political organizations is to substitute the whole power of a community for that of individuals in the protecting of their persons and their properties, by means of laws for the restraint and punishment of wrong-doers within, and military combinations to resist foreign aggressions from without. It is on this ground that the doctrine of consent rests. For in any government it is necessary that a portion of the freedom of the individual should be surrendered that the rest may be preserved. He resigns his right of individual self-defence and submits to the restraints of law in order that he may enjoy more perfect security. But if a government be set over him without his consent, this is itself an invasion of his liberty which the law of nature authorizes him to resist. Hence arbitrary governments, whose subjects have neither expressly nor tacitly consented to their institution, and governments whose title to exist is founded on the so-called right of conquest, are in a perpetual state of war with nature, and their subjects have a perpetual and indefeasible right of rebellion against them. No prescription holds against the laws of nature; and such governments, being governments of force and contrary to nature, hold their power subject to the people's right to reassert the law of nature by resisting, and, if possible, destroying their usurped power.

There are, however, few civilized governments to which the subjects have not yielded an express or tacit consent; and lawful governments can only be lawfully resisted when they are perverted from their lawful purposes. Man is a social being, naturally living in societies; to the existence of society, government is necessary; hence anarchy is repugnant to nature; and therefore the wanton subversion of governments, lawfully instituted by consent of their subjects, being an act which tends to anarchy, is a crime against the law of

But when lawful governments, instead of protecting life, liberty, and property, become or threaten to become destructive of these or prejudicial to them, they proclaim war against the law of nature, and their subjects have the right to overthrow them. In this case it is the government that is truly rebellious, and the people who are truly obedient to the law of nature.

To this view there are some who object on Scriptural grounds. “ All power is of God;" " the powers that be are ordained of God;." the magistrate is “the minister of God;" “ let every soul be subject to the higher powers." These are the sayings of St. Paul. We have only, however, to carry his injunctions far enough in order to show that they must be received with considerable limitations. If the magistrate is the minister of God who acquires his authority over a kingdom through an armed force of one hundred thousand men, it is difficult to say why a marauding chief who occupies a district at the head of a band of brigands is not equally the minister of God. And if every soul is to be subject to the edicts of the one, it would be hard to find a reason why the same rule should not hold good of the demands of his less mighty but not less righteous imitator. Scripture itself gives warrant for rebellion against arbitrary and unjust power. The exodus of Israel from Egypt was rebellion against a government to which they had consented by their voluntary settlement under it, but from which they were released because it had become oppressive. And in the instance of Hezekiah, so aptly quoted by Locke, we have a case in which the indefeasible right of rebellion against a subjugating power, even after submission and enforced consent, is perfectly sustained. Hezekiah and his country had been conquered by Assyria, to the king of which he had submitted. On condition of consenting to the supremacy of Assyria, he had been suffered to retain his throne. But “the Lord was with Hezekiah and he prospered; wherefore he went forth, and he rebelled against the king of Assyria and served him not.” (2 Kings xviii. 7.) This is spoken of “the good king Hezekiah," and spoken certainly not in reprehension. The sacred penman represents this godly king's rebellion as the consequence of the divine presence and blessing. Unquestionably lawful magistrates are ministers of God for good to men, but when their lawful powers are prostituted to subserve the devil's purposes, whose ministers do they become? The devil himself is styled in Holy Writ the “prince of this world," and, to judge from what we see around us in this nineteenth century, he is one of the mightiest of the powers that be;" but here at least resistance to the tyrant is obedience to God. The truth is, the religion of the Holy Scriptures is a religion of common sense, and a religion of righteousness. It does not declare a wrong to be right because it is sustained by force, or because it has the trappings of legitimate authority to cover an unlawful usurpation. Lawful magistrates and lawful governments it is the Christian's duty to obey as ministers of God. Resistance to usurped power—that is, to a robbery of man's most precious heritage is not contrary either to the letter or the spirit of the Scriptures.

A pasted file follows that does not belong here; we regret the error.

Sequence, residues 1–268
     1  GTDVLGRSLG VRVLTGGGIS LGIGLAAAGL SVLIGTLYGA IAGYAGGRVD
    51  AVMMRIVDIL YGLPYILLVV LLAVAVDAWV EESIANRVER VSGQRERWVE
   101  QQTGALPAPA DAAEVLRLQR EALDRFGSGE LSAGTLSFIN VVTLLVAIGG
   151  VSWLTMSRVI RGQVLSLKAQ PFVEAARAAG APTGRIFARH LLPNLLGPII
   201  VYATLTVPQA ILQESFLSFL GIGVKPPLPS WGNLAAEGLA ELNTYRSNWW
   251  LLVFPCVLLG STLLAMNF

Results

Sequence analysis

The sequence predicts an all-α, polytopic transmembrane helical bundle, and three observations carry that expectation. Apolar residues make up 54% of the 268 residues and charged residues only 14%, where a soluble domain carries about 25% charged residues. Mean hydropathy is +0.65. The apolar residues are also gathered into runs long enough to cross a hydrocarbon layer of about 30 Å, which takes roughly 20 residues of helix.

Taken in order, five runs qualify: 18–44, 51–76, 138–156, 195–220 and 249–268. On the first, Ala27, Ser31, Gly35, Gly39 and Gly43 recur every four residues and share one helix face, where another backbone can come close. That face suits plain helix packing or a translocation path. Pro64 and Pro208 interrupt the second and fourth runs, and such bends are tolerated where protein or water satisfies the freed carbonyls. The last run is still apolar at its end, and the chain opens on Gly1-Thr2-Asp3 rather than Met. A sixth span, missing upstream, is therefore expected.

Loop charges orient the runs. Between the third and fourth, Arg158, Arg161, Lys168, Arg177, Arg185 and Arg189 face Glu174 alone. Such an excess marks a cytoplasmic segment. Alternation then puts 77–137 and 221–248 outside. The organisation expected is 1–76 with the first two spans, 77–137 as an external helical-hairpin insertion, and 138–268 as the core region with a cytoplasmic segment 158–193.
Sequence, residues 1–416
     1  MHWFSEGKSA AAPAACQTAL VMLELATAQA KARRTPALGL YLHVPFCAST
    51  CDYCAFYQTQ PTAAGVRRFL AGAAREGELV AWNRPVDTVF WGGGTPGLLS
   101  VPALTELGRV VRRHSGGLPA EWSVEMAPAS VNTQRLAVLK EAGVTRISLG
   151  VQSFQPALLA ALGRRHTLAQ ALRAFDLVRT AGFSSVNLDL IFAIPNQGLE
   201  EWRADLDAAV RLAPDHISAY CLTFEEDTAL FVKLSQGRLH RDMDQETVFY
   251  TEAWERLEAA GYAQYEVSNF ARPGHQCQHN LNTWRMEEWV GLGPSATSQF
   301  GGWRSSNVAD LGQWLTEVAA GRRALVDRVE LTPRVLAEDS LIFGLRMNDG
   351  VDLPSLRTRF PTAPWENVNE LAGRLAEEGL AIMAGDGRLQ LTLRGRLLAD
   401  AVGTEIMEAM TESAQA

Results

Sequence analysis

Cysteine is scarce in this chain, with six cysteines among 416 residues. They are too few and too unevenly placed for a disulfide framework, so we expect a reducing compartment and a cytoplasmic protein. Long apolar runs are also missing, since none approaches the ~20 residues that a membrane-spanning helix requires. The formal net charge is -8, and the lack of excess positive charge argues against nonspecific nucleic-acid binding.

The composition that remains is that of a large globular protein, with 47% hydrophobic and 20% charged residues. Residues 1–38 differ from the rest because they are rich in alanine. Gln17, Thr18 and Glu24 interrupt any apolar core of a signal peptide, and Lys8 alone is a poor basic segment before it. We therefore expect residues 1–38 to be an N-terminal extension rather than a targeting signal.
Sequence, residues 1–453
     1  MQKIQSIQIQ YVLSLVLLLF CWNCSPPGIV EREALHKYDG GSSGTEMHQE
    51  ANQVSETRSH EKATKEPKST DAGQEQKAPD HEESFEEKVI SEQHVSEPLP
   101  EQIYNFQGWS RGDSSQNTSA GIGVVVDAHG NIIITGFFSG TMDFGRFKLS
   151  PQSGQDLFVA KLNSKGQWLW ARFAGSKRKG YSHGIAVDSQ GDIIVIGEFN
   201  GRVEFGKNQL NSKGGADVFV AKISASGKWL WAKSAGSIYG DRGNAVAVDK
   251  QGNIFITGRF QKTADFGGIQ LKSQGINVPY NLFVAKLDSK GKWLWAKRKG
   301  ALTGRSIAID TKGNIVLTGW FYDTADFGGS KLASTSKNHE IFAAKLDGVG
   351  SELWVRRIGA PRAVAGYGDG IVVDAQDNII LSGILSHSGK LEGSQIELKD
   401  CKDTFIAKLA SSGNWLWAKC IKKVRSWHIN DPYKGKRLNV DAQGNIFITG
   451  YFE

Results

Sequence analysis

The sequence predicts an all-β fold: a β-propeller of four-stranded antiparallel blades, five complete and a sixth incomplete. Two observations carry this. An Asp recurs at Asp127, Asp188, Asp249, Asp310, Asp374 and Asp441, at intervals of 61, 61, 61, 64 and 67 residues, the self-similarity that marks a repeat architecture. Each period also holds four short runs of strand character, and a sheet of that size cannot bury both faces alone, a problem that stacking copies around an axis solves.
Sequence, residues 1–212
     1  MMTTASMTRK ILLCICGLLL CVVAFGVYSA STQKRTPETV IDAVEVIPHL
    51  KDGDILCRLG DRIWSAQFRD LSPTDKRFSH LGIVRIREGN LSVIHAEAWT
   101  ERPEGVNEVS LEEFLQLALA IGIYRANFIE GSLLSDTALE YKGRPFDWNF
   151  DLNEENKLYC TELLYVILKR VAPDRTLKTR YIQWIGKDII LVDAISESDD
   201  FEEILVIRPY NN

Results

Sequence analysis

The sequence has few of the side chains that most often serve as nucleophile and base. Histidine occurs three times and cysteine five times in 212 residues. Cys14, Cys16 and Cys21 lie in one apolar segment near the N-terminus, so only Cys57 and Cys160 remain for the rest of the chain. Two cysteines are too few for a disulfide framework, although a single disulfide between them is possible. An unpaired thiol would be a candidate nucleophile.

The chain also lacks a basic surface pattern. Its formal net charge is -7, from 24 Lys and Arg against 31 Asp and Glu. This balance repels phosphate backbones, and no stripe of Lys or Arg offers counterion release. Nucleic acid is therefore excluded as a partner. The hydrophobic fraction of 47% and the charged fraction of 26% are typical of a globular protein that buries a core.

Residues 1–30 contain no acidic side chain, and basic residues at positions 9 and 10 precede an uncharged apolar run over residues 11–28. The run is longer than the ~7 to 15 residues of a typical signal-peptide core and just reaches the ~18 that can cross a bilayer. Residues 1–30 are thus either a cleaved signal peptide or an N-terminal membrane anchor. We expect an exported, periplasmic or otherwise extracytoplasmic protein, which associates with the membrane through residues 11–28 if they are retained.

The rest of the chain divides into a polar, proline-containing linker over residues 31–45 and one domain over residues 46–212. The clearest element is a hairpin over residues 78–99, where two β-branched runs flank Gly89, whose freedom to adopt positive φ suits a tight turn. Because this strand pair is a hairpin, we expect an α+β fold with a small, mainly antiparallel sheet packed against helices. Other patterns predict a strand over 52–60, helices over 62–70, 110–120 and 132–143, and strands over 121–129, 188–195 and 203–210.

A Christian, then, may lawfully rebel against the government of which he is a subject ; but only when it is a lawless government; that is, when its authority is based, not on the law of nature, but of force, or when its power, though lawfully acquired, is not so exercised as to protect the subject in his rights of property and person, which is the object of all government. Against such a government, or one which threatens to become such, but against such only, may a Christian lawfully rebel or aid a revolution.